Children who have previously caught the common cold have coronavirus antibodies that prevent them from developing the hyper-inflammatory condition called MIS-C, new research suggests.
The rare disease is caused by infection with the SARS-CoV-2 coronavirus, the same pathogen responsible for the current COVID-19 pandemic.
Research has found the condition, known as multisystem inflammatory syndrome in children (MIS-C), is different to both COVID-19 and Kawasaki disease.
However, little is known about why some children, roughly a month after being infected with the coronavirus, develop MIS-C symptoms.
Indicators of the disease include a rash, fever and abdominal pain as well as conjunctivitis, a cough and a headache.
Experts at the Karolinska Institutet in Sweden compared healthy children with youngsters suffering from MIS-C and Kawasaki disease.
Blood tests of 13 MIS-C-patients, 28 Kawasaki disease patients and uninfected children revealed the MIS-C cohort lack antibodies against the common cold.
Researchers say it is possible antibodies obtained after infection with the common cold could play a role in controlling the development of MIS-C.
Experts at the Karolinska Institutet in Sweden compared healthy children with youngsters suffering from MIS-C and Kawsaki disease. Pictured, symptoms of both diseases
Bertie Brown was admitted to Worcestershire Royal hospital this year on his second birthday after developing a fever and rash across his body which is thought to have been MIS-C
The researchers looked for evidence of antibodies to the coronaviruses HKU1 and betacoronavirus 1, both of which cause what we know as the common cold.
Unlike children with Kawasaki disease and children with mild COVID-19, children who developed MIS-C were lacking antibodies to these mild coronaviruses.
Dr Petter Brodin, lead author of the study, told MailOnline there is currently no way to verify the theory that immunity to the common cold via antibodies offers protection against MIS-C, but it appears this may be the case.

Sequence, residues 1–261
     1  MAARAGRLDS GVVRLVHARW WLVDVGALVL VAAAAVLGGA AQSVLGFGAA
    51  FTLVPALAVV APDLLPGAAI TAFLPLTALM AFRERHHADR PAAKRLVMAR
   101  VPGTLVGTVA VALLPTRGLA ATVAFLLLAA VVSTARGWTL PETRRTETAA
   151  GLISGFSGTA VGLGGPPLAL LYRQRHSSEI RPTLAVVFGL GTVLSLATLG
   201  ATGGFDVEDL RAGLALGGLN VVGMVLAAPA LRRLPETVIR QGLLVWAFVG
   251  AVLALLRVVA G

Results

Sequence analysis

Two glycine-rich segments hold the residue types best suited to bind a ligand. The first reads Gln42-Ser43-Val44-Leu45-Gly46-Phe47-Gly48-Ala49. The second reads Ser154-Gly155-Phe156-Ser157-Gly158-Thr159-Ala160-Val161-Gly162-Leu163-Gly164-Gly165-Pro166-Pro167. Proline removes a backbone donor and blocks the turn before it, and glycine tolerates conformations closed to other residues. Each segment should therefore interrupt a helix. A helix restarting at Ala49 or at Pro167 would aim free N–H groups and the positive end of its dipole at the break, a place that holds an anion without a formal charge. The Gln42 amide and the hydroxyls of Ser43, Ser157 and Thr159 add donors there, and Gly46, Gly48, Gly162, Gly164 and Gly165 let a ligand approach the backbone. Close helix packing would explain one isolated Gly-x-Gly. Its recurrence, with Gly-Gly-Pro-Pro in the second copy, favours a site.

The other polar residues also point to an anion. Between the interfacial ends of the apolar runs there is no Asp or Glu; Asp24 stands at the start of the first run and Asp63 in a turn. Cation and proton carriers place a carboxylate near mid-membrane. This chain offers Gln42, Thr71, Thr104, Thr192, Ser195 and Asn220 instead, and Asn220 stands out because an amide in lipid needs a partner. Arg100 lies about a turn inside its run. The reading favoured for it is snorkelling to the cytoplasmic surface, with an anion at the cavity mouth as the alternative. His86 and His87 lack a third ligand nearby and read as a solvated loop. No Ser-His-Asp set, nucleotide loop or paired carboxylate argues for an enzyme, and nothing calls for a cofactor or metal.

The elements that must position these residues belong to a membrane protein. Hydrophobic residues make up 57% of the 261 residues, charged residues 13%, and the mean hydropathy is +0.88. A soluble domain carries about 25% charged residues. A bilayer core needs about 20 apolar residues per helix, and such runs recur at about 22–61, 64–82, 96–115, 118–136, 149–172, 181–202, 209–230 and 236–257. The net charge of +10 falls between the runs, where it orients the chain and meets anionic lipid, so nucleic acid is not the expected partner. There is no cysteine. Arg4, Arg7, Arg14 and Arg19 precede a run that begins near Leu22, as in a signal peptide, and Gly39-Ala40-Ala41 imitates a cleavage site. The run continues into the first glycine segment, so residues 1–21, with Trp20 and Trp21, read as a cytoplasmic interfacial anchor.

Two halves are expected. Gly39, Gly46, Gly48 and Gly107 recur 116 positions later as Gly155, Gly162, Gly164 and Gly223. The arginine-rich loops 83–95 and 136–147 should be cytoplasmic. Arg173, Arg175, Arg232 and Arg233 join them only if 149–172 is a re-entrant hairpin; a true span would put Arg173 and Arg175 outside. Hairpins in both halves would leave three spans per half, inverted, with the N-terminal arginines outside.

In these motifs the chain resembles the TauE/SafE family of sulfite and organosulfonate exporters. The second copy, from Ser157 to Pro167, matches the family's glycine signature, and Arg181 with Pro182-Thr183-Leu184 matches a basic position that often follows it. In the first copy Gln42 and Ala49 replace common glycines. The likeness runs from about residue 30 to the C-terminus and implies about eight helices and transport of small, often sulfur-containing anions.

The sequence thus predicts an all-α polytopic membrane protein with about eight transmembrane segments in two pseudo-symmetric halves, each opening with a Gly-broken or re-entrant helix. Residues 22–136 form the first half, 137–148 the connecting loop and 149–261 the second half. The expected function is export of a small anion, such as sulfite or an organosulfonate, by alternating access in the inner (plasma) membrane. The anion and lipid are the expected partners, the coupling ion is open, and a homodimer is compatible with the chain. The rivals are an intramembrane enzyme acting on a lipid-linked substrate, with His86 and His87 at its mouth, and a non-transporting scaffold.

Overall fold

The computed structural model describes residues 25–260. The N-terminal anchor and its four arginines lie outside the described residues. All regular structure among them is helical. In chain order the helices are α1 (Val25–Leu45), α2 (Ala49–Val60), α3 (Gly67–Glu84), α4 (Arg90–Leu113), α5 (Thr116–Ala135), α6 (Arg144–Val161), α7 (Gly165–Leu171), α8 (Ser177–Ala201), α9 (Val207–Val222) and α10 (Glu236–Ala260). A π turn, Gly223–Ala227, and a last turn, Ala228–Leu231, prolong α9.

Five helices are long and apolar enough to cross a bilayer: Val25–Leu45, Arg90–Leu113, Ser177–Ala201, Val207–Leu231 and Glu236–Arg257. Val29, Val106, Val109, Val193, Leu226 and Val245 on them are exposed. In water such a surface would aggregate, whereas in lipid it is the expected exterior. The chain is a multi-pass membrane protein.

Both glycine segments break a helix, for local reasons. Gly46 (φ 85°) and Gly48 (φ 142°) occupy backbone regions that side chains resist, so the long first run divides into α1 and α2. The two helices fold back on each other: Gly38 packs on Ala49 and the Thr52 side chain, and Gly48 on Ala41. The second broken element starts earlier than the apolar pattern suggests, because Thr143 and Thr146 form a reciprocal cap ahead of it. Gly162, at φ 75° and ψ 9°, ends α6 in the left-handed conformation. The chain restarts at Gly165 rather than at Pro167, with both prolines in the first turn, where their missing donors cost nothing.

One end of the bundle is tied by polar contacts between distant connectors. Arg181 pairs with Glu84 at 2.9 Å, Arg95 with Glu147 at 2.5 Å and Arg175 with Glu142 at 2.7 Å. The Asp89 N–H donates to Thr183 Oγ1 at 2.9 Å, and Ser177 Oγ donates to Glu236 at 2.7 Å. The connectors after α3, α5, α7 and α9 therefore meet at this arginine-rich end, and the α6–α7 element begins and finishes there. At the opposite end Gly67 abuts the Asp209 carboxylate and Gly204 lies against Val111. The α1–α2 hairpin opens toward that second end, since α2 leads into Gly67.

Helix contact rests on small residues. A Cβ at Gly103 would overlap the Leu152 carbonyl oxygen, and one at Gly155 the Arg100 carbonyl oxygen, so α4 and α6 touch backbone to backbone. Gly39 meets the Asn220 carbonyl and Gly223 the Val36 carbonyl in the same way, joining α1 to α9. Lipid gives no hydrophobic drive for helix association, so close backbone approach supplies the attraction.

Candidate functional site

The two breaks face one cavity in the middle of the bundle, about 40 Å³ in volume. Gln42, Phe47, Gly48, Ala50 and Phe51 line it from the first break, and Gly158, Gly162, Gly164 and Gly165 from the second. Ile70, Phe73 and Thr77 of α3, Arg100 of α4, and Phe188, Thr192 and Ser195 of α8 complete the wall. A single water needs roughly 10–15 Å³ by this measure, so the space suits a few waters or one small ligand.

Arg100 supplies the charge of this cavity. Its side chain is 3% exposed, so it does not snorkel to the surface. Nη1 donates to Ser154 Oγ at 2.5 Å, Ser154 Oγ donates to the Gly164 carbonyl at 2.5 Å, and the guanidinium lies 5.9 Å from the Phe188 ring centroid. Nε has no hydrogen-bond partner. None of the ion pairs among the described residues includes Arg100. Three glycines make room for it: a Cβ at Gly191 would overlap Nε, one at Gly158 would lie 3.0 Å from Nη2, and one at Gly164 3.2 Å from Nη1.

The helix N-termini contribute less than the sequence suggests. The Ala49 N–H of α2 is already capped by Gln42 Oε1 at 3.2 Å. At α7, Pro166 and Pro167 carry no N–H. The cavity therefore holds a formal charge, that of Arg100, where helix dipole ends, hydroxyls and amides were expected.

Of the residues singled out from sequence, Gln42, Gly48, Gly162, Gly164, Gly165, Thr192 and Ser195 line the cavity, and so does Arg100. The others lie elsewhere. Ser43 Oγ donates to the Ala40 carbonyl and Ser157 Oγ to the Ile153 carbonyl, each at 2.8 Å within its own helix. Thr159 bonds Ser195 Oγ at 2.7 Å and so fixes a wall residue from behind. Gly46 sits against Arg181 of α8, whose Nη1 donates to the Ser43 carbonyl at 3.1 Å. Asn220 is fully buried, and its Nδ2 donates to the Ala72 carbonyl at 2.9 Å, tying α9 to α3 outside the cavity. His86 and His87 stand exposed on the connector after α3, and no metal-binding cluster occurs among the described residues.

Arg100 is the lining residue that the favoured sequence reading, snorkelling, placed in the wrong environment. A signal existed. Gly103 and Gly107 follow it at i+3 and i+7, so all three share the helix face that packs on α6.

‘The fact that immunity to common cold coronavirus is usually quite shortlived, and the fact that MIS-C typically affects teenagers, and the finding that MIS-C patients were the only group lacking these common cold coronavirus-antibodies, all suggest it is possible that having such antibodies might protect against MIS-C,’ he said.
He believes common cold CoV antibodies and the memory B-cells that produce them may recognise SARS-CoV-2 virus and bind to it.
‘Such events will give the immune system a head start in defending against the virus and might enable a more efficient antibody response that directly zooms in on the right parts of the new virus to neutralise it,’ he adds.
MIS-C is a form of toxic shock syndrome which causes the body’s immune system to attack its own organs. It is believed to be caused by infection with the coronavirus SARS-CoV-2
Another finding of the study, published in Cell, is that there are several antibodies present in MIS-C patients that attack the body’s own proteins, a process known as a cytokine storm.
This form of immune self-sabotage is believed to be a major contributor to severe cases of MIS-C.
However, while both illnesses are worsened by a cytokine storm, the processes are different for MIS-C and COVID-19.
Scientists are unable to explain why adults tend to develop COVID-19 while children are more inclined to be struck with MIS-C, despite being caused by the same virus.
It is believed the hyper-inflammatory condition is a delayed immune response to the infection, rendering traditional throat and nose swabs redundant.
As a result, antibody testing is one of the only reliable ways to ascertain and diagnose the symptoms.
As the world grappled with the COVID-19 pandemic, the Kawasaki-like condition was emerging and increasing in frequency.
Little is known about MIS-C, except it is rare, caused by SARS-CoV-2 and has symptoms similar, but not identical, to Kawasaki disease.
It almost exclusively affects children or young adults, in contrast to COVID-19 which rarely harms the young.
It emerged earlier this year with parents sharing heart-wrenching images of their children in hospital covered in bright red rashes.
In May, during the peak of the COVID-19 outbreak, doctors in America said the inflammatory condition could be affecting adults in their early 20s.
Although fatalities from MIS-C are very rare, they have been recorded. A 14-year-old boy in London died from the disease and at least four deaths were reported in the US.
MailOnline reported in May that Birmingham-based researchers had found the first proof the Kawasaki-like condition, later named MIS-C, was caused by SARS-CoV-2.
This was confirmed in August when academics at King’s College London published a peer-reviewed study confirming the relationship.
Dr Manu Shankar-Hari, co-author of the August research, told MailOnline: ‘There is no diagnostic test for Kawasaki disease or MIS-C.
‘There are shared clinical features. Thus, best thing to do is to seek medical advice, if your child is unwell.
‘This research highlights that, unlike Kawasaki disease, MIS-C is associated with SARS-CoV-2 infection with different clinical and immune findings.’